Reviewer Conny Withay:Operating her own business in office management since 1991, Conny is an avid reader, volunteers reading the Bible to the elderly, and makes handmade jewelry. A cum laude graduate with a degree in art living in the Pacific Northwest, she is married with two sons, two daughter-in-laws, and one granddaughter.
Author: Sophie Maletsky
Publisher: Zest Books
“What makes people go so
crazy over duct tape? The answer is simply this: You can make or
decorate virtually anything with it! It’s sticky and has the
consistency of fabric, which means you can make everything from
purses to clothing out of it,” Sophie Maletsky writes in the
introduction of her book, Sticky Fingers: DIY Duct Tape Projects.
At two hundred and forty pages, this letter-size paperback targets ages twelve years and older. After an introduction there are ten chapters, followed by a conclusion, templates, index, and author’s biography. Clear and concise color photographs work in conjunction with easy to understand step-by-step directions.
With over seventy projects, the author knows the ins and outs of duct tape. From teaching the basics of folding, cutting, and designing creations, many different options of products can be produced.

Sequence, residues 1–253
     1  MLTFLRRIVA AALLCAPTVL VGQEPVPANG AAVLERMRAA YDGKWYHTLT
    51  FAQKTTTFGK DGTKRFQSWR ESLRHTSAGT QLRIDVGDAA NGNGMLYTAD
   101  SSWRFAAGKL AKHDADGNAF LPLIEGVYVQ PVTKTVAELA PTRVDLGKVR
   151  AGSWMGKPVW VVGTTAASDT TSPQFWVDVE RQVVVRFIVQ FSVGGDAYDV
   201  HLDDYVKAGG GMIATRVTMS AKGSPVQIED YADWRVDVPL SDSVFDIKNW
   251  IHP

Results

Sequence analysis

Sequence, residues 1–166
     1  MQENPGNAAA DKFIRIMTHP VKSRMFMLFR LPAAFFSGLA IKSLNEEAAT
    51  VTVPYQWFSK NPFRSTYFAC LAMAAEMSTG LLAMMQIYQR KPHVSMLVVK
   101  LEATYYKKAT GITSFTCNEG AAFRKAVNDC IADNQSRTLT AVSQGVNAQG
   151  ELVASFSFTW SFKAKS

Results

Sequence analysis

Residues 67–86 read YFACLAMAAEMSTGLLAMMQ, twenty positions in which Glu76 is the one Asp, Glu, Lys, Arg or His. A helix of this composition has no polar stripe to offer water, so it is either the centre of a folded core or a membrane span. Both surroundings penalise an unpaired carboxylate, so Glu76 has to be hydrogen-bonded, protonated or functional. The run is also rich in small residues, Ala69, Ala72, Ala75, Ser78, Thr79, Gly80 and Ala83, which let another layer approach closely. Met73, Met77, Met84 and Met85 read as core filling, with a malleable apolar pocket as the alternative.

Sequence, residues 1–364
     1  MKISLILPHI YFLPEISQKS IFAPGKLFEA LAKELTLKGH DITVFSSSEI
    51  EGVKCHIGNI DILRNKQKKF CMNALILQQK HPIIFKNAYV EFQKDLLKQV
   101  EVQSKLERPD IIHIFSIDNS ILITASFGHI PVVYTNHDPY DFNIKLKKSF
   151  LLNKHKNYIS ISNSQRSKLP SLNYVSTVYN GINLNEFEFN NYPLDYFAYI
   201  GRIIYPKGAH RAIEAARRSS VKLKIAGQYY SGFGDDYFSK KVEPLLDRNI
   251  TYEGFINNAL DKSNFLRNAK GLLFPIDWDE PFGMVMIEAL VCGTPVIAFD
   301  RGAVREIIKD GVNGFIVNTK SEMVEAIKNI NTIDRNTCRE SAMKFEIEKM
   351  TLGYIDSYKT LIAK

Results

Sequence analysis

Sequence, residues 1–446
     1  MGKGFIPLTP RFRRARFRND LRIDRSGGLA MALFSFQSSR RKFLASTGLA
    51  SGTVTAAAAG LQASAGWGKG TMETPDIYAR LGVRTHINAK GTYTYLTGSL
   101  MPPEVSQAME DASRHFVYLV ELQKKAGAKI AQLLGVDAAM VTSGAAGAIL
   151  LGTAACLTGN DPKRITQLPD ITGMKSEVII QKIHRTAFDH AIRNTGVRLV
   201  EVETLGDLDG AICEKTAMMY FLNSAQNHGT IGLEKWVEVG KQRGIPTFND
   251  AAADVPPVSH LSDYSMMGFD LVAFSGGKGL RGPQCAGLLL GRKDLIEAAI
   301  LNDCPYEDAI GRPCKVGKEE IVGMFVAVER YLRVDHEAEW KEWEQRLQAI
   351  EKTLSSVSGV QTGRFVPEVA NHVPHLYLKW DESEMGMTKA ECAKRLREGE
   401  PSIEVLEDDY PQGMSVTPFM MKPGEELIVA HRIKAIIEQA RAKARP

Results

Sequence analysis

The first two chapters cover the tools needed such as a work surface, roll of duct tape, and good pair of non-stick scissors. There is a list of what does not work well with this specific tape as well as other tapes that can be incorporated into the designs. Three charts include a simple to moderate to complex collection of supplies.
Chapter three explains the basics of making strips, fabrics with backing, clear windows, pouches, and seven types of closures by using magnets, buttons, zippers, or Velcro. Quick crafts such as bows, flowers, leaves, and stickers are in the fourth chapter.
The next five chapters are projects to make, divided by wallets, purses, bags, cases, wearable jewelry and accessories, along with items for school or bedroom use. Examples include a simple clutch to multi-pocket wallet, watermelon or cupcake looking purse, smartphone or tablet case, beaded or double-spiked bracelet, ring, tie, belt, locker organizer, book cover, lunch bag, dry-erase board, picture frame, or earring tree.
Not to discard any waste, the final chapter is on recycling the end of the tape or cardboard center roll by making a tassel, tiny notebook, weaving strips, bookmark, drink cozy, bangle bracelet, mini-shelf, or carnival game.
Perfect for the young artist who likes to create things using unique items, this book will delight and entertain one to many people at home, in an art class, or as a fun contest to see who comes up with the most inventive idea.
Thanks to Zest Books for furnishing this complimentary book in exchange for the reader’s honest opinion.